The Campaign’s silent phase — the period of a capital campaign when contributions are solicited from only select donors — was delayed until 2003 because of the events of 9/11. The time gap between the 2003 launch and the fundraising efforts under former President E. Gordon Gee hurt the University, Nelson said.
“Capital campaign” is an antiquated term that generally refers to raising money for projects such as new buildings or endowed chairs, Steinberg said, calling the Campaign for Academic Enrichment a “comprehensive campaign” because it addressed a variety of goals, including financial aid.
Across the country, capital campaigns have become the fundraising norm at many universities. The trend is “becoming more and more that every president will do one,” Nelson said.
“Almost as soon as one campaign has ended, the planning for the next campaign begins,” he added, comparing it to political campaign fundraising.
Watson could not comment on whether it had been predetermined before Paxson was hired that she would launch a capital campaign.
The cycle of campaigning can exhaust presidents, who receive either the blame or the praise for the campaign’s outcome, Nelson said. In his research, he found that the prospect of starting a new capital campaign can shorten presidents’ tenures because they don’t want to start campaigns that might outlast their time in the position, he said.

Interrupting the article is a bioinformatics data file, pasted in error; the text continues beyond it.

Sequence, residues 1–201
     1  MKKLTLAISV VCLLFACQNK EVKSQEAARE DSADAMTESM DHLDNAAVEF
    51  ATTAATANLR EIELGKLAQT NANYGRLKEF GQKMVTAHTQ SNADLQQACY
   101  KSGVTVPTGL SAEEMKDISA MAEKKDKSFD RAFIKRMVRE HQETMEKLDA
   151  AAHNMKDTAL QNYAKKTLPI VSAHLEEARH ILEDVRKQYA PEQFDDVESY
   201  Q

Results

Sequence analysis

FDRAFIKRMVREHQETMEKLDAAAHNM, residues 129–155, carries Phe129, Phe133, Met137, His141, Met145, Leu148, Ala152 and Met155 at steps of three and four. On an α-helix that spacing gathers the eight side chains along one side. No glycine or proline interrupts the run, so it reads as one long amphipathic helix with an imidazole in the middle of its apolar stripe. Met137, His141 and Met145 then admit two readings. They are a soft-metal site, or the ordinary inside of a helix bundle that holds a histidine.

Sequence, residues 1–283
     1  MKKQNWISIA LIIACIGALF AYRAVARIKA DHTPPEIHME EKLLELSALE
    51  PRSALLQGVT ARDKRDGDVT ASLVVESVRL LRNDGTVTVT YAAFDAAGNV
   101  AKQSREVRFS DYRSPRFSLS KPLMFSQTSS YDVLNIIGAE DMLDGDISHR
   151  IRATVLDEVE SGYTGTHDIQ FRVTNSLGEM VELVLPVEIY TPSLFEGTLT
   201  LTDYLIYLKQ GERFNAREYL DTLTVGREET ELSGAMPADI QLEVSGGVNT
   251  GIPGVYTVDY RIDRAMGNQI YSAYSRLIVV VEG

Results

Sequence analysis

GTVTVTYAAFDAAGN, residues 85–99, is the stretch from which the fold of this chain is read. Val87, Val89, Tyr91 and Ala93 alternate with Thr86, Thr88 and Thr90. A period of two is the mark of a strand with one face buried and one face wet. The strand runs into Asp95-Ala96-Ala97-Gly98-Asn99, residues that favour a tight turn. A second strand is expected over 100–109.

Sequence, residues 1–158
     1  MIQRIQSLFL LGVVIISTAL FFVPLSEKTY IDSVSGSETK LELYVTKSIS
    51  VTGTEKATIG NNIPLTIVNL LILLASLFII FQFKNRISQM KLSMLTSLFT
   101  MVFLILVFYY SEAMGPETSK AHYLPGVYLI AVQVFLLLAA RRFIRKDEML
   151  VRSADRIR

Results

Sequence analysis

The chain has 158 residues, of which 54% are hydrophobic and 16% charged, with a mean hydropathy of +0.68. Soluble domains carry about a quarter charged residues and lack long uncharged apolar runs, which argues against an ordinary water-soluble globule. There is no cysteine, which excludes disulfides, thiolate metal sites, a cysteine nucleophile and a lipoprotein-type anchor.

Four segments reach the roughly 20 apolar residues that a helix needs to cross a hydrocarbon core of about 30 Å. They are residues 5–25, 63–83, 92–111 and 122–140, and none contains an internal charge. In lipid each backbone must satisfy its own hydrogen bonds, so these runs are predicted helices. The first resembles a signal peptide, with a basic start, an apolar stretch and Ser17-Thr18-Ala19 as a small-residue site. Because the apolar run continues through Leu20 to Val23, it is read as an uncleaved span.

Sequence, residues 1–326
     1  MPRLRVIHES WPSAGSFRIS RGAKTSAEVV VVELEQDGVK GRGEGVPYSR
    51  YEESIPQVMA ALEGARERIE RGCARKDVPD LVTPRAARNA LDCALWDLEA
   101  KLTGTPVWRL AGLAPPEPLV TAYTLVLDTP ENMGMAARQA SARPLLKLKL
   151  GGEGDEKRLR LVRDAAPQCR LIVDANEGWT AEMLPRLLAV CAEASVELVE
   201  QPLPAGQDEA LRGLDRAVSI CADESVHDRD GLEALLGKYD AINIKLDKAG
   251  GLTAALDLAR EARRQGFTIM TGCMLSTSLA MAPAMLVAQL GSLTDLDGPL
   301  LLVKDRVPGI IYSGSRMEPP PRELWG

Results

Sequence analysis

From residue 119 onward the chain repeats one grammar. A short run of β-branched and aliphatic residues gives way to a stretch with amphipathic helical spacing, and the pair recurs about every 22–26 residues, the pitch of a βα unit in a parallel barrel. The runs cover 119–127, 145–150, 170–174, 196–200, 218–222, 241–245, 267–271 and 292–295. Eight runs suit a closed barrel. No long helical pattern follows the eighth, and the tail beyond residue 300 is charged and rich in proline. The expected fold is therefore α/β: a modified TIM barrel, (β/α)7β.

Presidents are aware of this and can choose to delay the start of a campaign if they want to lengthen their tenures, Nelson said.
Capital campaigns occur at an institution on average every 10 years, Nelson said. The average university president’s tenure is about 8.5 years, according to a 2006 survey by the American Council on Education.
“The expectation of the president is that she’s the chief fundraiser for the institution,” Watson said.
Steinberg also said he saw fundraising as ingrained in the office.
But soliciting donations is only one part of the job for many university presidents, who might choose to emphasize campus engagement as well, Nelson said. “The notion that all they do is fundraising is a myth,” he said.
For alums, capital campaigns can be exhausting, Nelson said.
“It would be better if these institutions said to their donor base, ‘We are in a continual campaign,’” Nelson said.
He said a model that used continuous fundraising rather than capital campaigns would be more effective and less stressful on donors and the president.
But Steinberg said donor fatigue is not a significant concern. There is no reason to believe that donors are tapped out or that there is no new donor base for the University to tap into, he said, especially since it has been over two years since the last campaign ended.
Most universities follow guidelines set by the Council for Advancement and Support of Education that recommend an eight-year period for a comprehensive fundraising campaign, said Debra LaMorte, senior vice president for development and alumni relations at New York University. The guidelines also build in a period of rest between comprehensive campaigns to prevent possible donor fatigue, she said.
“It all starts with the vision of the president,” Steinberg said.